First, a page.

Thwaites: Antarctic glacier headed for dramatic change

Scientists warn of drastic changes occurring at Antarctica's largest glacier, possibly within the next five to ten years.

14 December 2021 Tuesday 13:23
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Thwaites: Antarctic glacier headed for dramatic change

According to them, a floating section at Thwaites Glacier's front that has been stable up until now could "shatter like car windscreen."

Due to Thwaites' melt rate, researchers from the US and UK are currently involved in an intensive study program at Thwaites.

It is already dumping 50 million tonnes of ice each year into the ocean.

Although this is not having a significant impact on global sea levels today, there is enough ice upstream in the glacier drainage basin to raise ocean heights by 65 cm if it all melts.

Although such a "doomsday scenario" is unlikely to occur for many centuries, the study team claims that Thwaites is responding to a warming planet in very rapid fashion.

"There will be a dramatic change at the front glacier, likely in less than ten years." "Both published and unpublished studies point to that direction," stated Prof Ted Scambos (US coordinator of the International Thwaites Glacier Collaboration, ITGC).

He stated that this would "accelerate the pace (of Thwaites), and increase, effectively, the dangerous portion of the glacier," BBC News reported.

Thwaites: New maps show a vulnerability called 'Doomsday Glacier'

Climate change and the road to the "doomsday glacier"

"Boaty McBoatface" survives the ice missionThwaites was a huge. It is roughly the same size as Florida or Great Britain and its outflow speed doubled over the past 30 years.

This is what the ITGC has proven. It's the result of warm ocean waters melting Thwaites floating front or ice shelf.

Warm water thins and weakens this ice, making the ice run faster and pushing back the area where the main glacier body becomes buoyant.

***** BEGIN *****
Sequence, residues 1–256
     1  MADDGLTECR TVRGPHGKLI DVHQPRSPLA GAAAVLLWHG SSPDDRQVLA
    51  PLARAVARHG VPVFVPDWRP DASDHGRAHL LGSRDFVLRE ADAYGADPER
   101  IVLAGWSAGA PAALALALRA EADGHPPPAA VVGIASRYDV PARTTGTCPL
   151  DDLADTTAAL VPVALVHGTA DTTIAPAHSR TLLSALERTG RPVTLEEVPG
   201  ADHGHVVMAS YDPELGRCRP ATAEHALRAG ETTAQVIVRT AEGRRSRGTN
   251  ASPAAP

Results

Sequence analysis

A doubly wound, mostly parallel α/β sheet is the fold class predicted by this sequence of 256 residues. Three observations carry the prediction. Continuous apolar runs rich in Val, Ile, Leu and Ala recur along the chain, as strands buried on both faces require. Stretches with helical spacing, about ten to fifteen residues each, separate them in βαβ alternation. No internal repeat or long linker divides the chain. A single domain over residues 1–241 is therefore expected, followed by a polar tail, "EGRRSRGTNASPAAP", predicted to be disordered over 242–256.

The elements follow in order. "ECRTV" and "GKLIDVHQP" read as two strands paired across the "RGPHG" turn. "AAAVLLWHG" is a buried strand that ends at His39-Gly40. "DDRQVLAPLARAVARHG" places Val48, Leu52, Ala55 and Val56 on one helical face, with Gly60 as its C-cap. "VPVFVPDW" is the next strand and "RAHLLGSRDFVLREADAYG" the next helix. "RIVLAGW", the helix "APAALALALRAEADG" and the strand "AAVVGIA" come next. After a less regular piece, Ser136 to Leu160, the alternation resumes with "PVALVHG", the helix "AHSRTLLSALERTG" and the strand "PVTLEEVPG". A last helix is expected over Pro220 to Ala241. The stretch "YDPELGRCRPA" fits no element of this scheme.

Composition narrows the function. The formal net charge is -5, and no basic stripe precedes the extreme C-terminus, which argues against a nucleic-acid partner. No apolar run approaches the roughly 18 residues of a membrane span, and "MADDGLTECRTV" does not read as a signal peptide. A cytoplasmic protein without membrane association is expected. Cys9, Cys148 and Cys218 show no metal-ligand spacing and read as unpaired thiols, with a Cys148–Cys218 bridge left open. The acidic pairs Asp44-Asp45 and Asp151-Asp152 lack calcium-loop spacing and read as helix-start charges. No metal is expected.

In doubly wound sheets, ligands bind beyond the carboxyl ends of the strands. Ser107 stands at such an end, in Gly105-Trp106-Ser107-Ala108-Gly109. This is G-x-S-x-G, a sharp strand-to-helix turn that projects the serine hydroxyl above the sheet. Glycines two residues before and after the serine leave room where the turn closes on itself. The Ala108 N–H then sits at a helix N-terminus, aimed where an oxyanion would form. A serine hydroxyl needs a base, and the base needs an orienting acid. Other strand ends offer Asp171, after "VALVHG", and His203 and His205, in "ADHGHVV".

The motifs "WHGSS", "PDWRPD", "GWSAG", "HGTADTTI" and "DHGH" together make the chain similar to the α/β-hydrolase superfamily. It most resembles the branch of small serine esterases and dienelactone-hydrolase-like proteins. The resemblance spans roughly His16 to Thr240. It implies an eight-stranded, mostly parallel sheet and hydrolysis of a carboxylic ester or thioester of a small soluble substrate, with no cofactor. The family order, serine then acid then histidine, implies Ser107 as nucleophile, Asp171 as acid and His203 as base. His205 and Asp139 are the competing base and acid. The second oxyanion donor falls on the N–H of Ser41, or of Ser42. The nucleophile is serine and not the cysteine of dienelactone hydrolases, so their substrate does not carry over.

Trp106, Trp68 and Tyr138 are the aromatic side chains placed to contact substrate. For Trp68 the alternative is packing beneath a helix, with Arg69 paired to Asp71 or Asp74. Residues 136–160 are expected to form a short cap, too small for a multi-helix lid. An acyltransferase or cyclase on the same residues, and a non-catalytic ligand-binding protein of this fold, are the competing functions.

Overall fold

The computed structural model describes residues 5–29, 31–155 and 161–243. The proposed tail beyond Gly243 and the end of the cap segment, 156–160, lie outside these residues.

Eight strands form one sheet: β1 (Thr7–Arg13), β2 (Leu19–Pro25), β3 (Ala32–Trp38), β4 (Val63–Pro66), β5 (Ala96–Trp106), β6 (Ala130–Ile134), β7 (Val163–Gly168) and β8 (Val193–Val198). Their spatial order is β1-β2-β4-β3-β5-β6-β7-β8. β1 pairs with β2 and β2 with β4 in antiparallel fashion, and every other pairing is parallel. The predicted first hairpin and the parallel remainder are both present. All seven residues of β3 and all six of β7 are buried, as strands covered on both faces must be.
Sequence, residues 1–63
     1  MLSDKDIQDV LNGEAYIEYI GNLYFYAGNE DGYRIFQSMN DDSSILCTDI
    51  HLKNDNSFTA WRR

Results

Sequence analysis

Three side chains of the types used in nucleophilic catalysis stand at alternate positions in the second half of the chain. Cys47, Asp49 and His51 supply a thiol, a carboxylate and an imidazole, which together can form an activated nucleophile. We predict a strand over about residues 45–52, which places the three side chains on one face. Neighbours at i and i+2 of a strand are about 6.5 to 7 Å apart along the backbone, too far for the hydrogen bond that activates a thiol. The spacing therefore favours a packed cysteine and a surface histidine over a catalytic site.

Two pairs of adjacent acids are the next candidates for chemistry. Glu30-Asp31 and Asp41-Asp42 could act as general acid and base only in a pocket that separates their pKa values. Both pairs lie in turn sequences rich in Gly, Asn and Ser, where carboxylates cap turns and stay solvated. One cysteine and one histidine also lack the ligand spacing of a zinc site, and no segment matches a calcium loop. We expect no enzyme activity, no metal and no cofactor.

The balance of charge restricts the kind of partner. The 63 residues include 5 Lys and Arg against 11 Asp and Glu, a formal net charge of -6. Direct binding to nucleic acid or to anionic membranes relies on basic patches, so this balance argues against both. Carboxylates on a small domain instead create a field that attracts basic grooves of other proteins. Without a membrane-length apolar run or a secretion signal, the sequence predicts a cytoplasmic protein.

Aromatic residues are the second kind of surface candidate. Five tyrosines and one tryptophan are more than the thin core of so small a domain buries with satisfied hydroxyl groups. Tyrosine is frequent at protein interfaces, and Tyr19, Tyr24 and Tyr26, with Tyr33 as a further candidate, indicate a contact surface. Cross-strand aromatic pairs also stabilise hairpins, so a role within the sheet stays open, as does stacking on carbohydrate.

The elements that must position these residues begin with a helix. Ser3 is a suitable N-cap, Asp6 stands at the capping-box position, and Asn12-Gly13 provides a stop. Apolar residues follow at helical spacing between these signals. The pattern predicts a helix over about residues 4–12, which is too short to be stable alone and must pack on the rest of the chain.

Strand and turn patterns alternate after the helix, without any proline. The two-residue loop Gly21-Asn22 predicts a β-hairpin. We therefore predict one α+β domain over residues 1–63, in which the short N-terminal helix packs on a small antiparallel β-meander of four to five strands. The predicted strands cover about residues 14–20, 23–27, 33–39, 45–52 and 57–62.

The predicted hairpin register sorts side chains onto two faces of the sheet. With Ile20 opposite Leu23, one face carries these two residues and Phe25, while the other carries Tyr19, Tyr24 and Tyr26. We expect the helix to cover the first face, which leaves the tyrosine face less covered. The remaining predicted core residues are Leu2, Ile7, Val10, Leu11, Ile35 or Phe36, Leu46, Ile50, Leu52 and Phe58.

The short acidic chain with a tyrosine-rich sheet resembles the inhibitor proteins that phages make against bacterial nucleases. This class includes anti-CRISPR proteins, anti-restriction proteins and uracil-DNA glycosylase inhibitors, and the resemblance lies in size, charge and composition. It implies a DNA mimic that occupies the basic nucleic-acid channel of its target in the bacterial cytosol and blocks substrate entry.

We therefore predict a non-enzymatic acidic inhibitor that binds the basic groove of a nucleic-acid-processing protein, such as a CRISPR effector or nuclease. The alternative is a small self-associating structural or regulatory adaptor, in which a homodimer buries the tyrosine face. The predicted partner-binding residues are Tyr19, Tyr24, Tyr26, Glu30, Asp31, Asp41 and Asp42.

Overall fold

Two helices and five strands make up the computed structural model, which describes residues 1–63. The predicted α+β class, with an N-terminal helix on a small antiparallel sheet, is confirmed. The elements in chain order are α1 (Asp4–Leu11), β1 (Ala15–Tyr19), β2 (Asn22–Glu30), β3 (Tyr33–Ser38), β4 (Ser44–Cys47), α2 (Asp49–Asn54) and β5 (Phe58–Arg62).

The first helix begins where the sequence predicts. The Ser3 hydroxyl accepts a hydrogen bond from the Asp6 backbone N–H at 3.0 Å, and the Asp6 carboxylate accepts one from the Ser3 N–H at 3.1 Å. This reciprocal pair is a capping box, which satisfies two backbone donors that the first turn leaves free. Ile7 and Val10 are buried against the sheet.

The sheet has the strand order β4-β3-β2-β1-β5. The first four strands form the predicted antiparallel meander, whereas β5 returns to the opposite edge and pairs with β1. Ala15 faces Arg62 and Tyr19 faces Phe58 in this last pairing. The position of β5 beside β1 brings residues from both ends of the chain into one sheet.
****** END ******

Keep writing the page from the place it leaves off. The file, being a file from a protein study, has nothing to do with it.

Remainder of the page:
The leading edge of the eastern Ice Shelf is currently held in place by an underwater ridge. This means that its flow speed is only a third of what is seen in the western Sector, which is free from such constraints.

The ITGC team believes that the eastern shelf will become detached from the ridge over the next few decades, which will cause it to be unstable. Even if the pinning continues, the continued development of fractures within the shelf ice almost certainly will break up the entire area. It's a bit like a car window with a few cracks, but then suddenly there is a bump and it starts shattering in all directions," said Dr Erin Pettit of Oregon State University.

Although the affected area is small, when viewed in context of the entire glacier, it is the shift towards a new regime and the implications for further ice loss that are truly significant.

The eastern shelf is currently moving forward at 600m per annum. It has a width approximately 40km. This change in status will likely cause the ice to accelerate by about 2km per annum, the same speed as the velocity in the 80 km-wide western sector.

The five-year ITGC project, jointly funded by the US National Science Foundation (USA) and the UK's Natural Environment Research Council (UK), places Thwaites under extraordinary scrutiny.

Every Antarctic summer season, scientists from all walks of the scientific community investigate the behaviour of the glaciers. Satellite, on the glacier, and even from ships right in front of Thwaites.

These teams are currently on their way to the new season, with some of them in Covid quarantine before they deploy to the field.

One of the New Year's projects will see the yellow submarine "Boaty McBoatface", also known as the "Boaty McBoatface", dive under Thwaites floating ice to collect data on water temperature and current direction - all factors that affect melting.

The autonomous vehicle will travel on one- to four-day missions, following its own route through the cavity below the shelf. The seafloor terrain is very rugged, so this is a high-risk mission.

"It's scary. "We might not get Boaty back," said Dr Alex Phillips, UK's National Oceanography Centre.

"We have spent a lot of time this year developing collision avoidance for our vehicle to ensure it doesn't collide with the seabed. There are contingencies that allow the vehicle to retrace its steps and return to safety if it gets into trouble.

This week, the American Geophysical Union Fall Meeting is in New Orleans will present the latest science about Thwaites Glacier.



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